Nutty take on creationism is inspired madness

A Review of Coop
The Age
By Cameron Woodhead

COOP achieves a brilliant synergy between puppetry and visual theatre. The show is inspired by an Hieronymus Bosch triptych, Garden of Earthly Delights. And the apple does not fall far from the tree.

Black Hole Theatre’s nutty take on biblical creationism is suffused with comic grotesquery and a strange and striking symbolism that I suspect would continue to pose mysteries after several viewings.




A Review of Coop
The Sunday Age – 24/2/2008
By John Bailey

An old man, senile, creates a world. Angels and demons soon populate it and humans enrage him with their waywardness. Though he’s God, he soon falls victim to a pair of rebellious characters, ultimately lying on his deathbed as the carcass of his only friend, a live chicken, dances across his body to the waltz of The Blue Danube.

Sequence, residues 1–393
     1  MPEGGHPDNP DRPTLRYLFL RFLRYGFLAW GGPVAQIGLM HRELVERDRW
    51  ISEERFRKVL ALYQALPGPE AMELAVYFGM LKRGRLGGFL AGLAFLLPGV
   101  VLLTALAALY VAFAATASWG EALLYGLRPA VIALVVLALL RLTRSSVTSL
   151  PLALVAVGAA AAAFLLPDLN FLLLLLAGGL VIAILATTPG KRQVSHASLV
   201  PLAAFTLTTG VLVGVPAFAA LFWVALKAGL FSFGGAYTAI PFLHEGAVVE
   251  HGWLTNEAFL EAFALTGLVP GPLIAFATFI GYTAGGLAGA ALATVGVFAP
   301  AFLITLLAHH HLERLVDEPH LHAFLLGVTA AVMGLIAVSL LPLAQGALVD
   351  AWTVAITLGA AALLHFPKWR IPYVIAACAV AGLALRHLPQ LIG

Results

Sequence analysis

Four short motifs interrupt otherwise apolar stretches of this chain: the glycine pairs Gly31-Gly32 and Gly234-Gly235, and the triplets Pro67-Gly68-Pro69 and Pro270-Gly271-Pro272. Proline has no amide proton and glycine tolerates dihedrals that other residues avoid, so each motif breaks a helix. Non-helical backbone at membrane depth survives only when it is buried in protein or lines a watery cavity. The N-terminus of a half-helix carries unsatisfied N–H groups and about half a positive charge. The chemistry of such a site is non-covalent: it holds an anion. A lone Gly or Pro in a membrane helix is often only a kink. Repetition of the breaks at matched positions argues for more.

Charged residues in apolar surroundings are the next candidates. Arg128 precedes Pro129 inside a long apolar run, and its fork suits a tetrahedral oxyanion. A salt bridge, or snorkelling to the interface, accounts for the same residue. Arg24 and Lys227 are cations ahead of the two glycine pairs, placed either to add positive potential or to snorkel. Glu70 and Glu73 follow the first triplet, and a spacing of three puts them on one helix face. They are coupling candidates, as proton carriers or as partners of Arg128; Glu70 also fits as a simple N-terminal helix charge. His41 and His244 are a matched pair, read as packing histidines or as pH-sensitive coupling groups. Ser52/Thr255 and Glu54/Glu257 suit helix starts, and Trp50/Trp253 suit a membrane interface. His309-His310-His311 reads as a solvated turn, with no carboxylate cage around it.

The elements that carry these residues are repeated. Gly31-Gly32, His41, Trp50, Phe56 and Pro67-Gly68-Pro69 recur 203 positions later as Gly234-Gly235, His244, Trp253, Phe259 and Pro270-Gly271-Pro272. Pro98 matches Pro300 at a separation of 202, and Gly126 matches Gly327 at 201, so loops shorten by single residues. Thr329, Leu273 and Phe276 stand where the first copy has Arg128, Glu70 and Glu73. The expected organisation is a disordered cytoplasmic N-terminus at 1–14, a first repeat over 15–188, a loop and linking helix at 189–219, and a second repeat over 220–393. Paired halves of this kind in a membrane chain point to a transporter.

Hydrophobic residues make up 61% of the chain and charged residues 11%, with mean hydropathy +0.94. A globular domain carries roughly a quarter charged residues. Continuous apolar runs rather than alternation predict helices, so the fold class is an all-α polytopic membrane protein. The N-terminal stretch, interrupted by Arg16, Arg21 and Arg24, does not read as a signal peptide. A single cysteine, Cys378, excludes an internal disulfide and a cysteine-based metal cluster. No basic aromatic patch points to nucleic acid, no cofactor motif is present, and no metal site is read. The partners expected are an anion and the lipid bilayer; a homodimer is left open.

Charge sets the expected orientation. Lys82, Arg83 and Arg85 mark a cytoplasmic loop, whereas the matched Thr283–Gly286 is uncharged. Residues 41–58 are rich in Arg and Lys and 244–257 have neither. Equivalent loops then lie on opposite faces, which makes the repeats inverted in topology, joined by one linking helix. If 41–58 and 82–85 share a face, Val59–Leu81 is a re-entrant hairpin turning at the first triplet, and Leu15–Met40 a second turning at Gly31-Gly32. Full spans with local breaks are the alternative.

Man’s descent into sin captured in chicken coop

A Review of Coop
The Sunday Herald Review
By Kate Herbert

A DEMENTED old man living in a chicken coop with his son and daughter sounds like a bleak scenario, but Coop is both grim and comical.

The collaborative production, devised by the ensemble of Black Hole Theatre, incorporates actors, visual imagery and puppetry.



Puppets at play with form & history

A review of Coop
Real Time – June-July 04 Edition
By Jonathan Marshall (at the UNIMA puppetry festival)

Originally devised as a musing on Hieronymus Bosch’s sensually grotesque altarpiece, The Garden of Earthly Delights (1504), under the title In The Beginning… Uhmmm… (2006), Coop (2007) has evolved into a sophisticated work exploring themes identified by Artaud in his commentary on Bosch. Artaurd’s desire to smash through reality…






Cooped up with ‘God’ in black-humoured take on Genesis

The Age 7/02/08
By Jo Roberts
For Coop

BLACK humour inspires and feeds Melbourne’s Black Hole Theatre company. Sometimes unintentionally.

During a break in rehearsal for the company’s latest show of theatre and puppetry, Coop, director Nancy Black tucks into some roast chicken for lunch. Puppetry director Rod Primrose can’t do it. He walks away.

“Chicken is finished for me for the next couple of months” he says.